|Author:||David R Protheroe|
|Title:||Canada and multilateral aid: Working paper : a report prepared as a contribution to a comparative study on donor countries and multilateral development aid by the North-South Institute, Ottawa, Canada|
|Format:||mbr lrf mobi azw|
|ePUB size:||1703 kb|
|FB2 size:||1165 kb|
|DJVU size:||1660 kb|
|Publisher:||North-South Institute (1991)|
Multilateral aid has a vital role to play in responding to global challenges such as food security, climate change, and conflict. We have shaped a complex multilateral system with structures to suit diverse objectives and subject to a kaleidoscope of vested interests. As the major funders of the multilateral system, we have a collective responsibility to ensure its effectiveness for the benefit of our partner countries. J. Brian Atwood, DAC Chair.
What Factors Determine the Allocation of Aid by Arab Countries and Multilateral Agencies? Journal of Development Studies 39 (4):134–47. Delegation to Multilateral Development Banks. Paper presented at the Fourth Annual Conference on the Political Economy of International Organizations, January, Zurich, Switzerland. Schneider, Christina . and Tobin, Jennifer . .
Working Paper 110 THE RHETORIC OF POWER: CONCEPTIONS OF POWER IN THE ACADEMIC POST-COLD WAR JAPANESE FOREIGN POLICY DISCOURSE Linus Hagström, January 2001. Working Paper 109 SOCIAL INSURANCE & POLITICAL REGIME: A COMPARATIVE STUDY OF THE DEVELOPMENT OF SOCIAL INSURANCE IN KOREA &TAIWAN, 1945-1965 Annette . Working Paper 108 ION VERSUS FACTOR PROPORTION EXPLANATION: THE CASE OF SWEDISH MULTINATIONALS IN THE EU Thomas Mathä, November 2000
This paper explores trends in aid, the motivations for aid, its impacts, and debates about reforming aid. It begins by examining aid magnitudes and who gives and receives ai. Donors also provide aid indirectly as multilateral assistance, which pools resources together from many donors. The major multilateral institutions include the World Bank; the International Monetary Fund; the African, Asian, and Inter-American Development Banks, and various United Nations agencies such as the United Nations Development Programme. 92 percent of GDP in 2004. Saudi Arabia provided aid equivalent to about . 9 percent of its income.
This study provides some comparative perspectives relevant to the discussion of foreign development aid. Back to Top. II. International Cooperation in Providing Foreign Aid. A. Historical Background. The attached reports address various policies and regulatory frameworks that are applied by selected foreign countries and by the European Union in providing foreign development aid. Individual foreign countries surveyed include members as well as nonmembers of the OECD as highlighted in Map 1 (Appendix A). In some cases, specifically those of newly emerging donor countries, surveyed jurisdictions were both donors as well as recipients of ODA. ODA Contribution Amounts
Bilateral versus multilateral aid channels: Strategic choices for donors 5. strengths and weaknesses of each channel. As a former chair of the OECD DAC claims: ‘n many donor countries there is almost a built-in notion (in governments and perhaps still more in legislatures) that ‘bilateral is best’ (OECD, 2015: 82). To date, where concerns about the allocation of aid resources are expressed, they have primarily directed attention to the range of options within each channel, rather than calculated consideration across the bilateral and multilateral spectrum. The analysis concludes by considering multi-bi aid and explores its possible merits as a ‘third way for foreign aid’. The literature indicates that multi-bi aid, rather than steering a course between multilateral and bilateral channels, may be only marginally superior to bilateral channels but considerably worse than multilateral ones.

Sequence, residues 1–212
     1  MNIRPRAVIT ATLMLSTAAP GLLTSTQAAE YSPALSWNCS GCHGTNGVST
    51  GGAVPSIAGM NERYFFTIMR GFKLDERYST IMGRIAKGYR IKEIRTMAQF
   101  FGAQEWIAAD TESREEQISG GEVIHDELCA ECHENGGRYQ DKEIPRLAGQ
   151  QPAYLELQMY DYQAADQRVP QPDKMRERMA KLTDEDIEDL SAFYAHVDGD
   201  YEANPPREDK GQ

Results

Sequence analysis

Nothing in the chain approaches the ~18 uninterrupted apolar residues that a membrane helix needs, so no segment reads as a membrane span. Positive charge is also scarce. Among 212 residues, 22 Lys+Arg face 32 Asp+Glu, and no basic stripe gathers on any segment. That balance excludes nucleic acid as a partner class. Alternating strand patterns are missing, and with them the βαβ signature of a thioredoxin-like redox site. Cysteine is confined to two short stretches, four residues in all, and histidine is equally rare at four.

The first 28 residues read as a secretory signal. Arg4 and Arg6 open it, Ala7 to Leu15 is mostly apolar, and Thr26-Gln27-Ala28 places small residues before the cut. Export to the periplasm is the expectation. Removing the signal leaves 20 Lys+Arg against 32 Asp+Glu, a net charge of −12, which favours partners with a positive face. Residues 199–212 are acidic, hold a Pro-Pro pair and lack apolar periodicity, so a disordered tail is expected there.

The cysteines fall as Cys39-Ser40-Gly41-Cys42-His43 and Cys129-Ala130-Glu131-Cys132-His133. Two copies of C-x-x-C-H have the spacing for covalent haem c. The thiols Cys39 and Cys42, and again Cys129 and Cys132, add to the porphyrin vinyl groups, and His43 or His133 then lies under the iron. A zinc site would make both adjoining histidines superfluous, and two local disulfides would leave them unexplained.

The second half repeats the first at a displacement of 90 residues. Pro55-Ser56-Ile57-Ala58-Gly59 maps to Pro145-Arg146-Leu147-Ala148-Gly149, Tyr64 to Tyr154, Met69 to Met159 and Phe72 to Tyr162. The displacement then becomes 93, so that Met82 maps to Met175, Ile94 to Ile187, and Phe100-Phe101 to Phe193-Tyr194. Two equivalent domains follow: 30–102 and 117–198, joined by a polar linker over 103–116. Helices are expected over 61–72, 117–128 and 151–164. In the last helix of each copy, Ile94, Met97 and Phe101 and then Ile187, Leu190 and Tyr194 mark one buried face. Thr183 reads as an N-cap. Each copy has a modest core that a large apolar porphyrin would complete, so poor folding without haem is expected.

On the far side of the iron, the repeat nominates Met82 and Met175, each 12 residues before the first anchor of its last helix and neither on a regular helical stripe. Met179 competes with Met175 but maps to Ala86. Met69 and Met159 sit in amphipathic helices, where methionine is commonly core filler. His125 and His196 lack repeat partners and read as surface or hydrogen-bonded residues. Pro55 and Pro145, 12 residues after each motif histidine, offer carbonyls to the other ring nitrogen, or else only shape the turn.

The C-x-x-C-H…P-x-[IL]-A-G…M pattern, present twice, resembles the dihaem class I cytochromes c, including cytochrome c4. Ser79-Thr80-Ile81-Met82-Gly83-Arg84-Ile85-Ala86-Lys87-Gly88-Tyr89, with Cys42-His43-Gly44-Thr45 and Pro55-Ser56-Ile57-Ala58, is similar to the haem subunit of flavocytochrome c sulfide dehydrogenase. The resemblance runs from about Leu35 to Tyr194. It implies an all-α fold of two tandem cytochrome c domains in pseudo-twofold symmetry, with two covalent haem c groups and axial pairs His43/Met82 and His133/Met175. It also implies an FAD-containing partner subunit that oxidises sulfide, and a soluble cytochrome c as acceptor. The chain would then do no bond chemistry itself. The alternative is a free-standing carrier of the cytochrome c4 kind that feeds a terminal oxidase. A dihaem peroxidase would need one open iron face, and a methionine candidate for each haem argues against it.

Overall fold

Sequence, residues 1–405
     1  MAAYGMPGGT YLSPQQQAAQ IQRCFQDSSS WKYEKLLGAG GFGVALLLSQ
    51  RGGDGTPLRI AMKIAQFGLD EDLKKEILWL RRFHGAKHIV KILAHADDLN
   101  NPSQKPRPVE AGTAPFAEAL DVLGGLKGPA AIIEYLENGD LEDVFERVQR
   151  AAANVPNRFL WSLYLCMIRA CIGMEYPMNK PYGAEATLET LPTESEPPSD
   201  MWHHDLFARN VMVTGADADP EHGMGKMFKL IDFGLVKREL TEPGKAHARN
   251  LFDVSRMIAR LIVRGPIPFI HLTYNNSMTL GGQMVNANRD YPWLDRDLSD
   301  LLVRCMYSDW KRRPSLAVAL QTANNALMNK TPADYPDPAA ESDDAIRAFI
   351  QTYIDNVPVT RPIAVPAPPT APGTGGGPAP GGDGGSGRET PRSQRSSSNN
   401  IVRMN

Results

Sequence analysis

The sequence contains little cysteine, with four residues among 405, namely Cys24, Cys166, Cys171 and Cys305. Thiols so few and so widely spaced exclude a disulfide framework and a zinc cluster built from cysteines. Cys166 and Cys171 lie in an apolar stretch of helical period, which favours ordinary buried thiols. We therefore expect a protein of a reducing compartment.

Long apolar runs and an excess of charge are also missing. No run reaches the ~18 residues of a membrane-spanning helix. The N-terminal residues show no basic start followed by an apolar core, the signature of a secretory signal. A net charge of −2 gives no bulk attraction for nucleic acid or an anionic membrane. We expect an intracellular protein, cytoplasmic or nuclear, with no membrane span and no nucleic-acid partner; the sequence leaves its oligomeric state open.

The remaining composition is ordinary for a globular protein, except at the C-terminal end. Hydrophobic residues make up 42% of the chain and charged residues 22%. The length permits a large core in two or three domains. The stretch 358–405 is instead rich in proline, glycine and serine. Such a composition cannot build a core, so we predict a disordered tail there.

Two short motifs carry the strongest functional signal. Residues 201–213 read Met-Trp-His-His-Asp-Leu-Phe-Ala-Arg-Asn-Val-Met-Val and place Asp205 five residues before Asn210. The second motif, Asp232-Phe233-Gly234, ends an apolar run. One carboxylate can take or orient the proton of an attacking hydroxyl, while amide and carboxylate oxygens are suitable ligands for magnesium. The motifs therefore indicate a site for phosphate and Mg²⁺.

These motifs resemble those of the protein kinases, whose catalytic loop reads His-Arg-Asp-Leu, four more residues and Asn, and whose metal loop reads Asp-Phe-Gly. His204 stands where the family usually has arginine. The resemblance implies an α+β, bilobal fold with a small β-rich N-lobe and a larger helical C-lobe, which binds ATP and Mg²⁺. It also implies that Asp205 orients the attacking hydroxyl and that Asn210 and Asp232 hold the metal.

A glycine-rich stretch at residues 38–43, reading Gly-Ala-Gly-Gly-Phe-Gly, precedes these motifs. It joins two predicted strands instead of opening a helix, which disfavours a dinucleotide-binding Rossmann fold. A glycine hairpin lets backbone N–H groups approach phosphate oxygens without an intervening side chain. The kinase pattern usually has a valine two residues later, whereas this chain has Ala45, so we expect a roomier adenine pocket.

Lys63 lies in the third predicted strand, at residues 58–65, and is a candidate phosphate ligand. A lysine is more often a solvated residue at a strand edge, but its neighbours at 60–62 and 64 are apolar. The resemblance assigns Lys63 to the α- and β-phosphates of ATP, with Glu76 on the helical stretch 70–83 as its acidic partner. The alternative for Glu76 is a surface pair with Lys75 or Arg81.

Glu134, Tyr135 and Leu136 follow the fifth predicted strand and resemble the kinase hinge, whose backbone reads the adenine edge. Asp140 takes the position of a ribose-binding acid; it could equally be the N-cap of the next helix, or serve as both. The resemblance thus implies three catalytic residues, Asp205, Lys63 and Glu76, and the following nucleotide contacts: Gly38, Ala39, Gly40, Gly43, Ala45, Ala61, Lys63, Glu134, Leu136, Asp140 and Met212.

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Bilateral and multilateral aid are part of the larger ideological debate about the means and the ends of development. The main objective of aid is to promote economic development and welfare of developing countries. There have been many different statistical studies with widely differing results regarding the correlation between aid and economic growth, and therefore, the debate continues. DFID/Creative commons license
Multilateral aid tends to be less tied to the political self-interest of individual donor countries. One criticism of bilateral aid arrangements is that they are often drawn up based on self interest. Major powers who provide international aid have tended to direct their aid to former colonies or countries with which they have significant strategic ties, economic interests or potential markets. Often, aid money must be spent on goods or services from the donor country. This was particularly true during the Cold War, but has now emerged as a practice in the war on terror. Aid that is given multilaterally is therefore much more likely to go to developing countries on the basis of need, and of where it has the most potential for good. Providers of aid, for the very reason that they are spending their own money, should have their interests served by an aid arrangement.
Conversely, multilateral aid (aid transferred by alliances of multiple states) was thought to be more geared toward assisting the South through the development process. The essay concludes that while aid may aggregately benefit the North more than the South at this point in time, progress relating to the political rights variable could extensively alter this balance of aid value. Tied aid, for example, can be seen as a tool to increase effectiveness in a way, as it is contractible.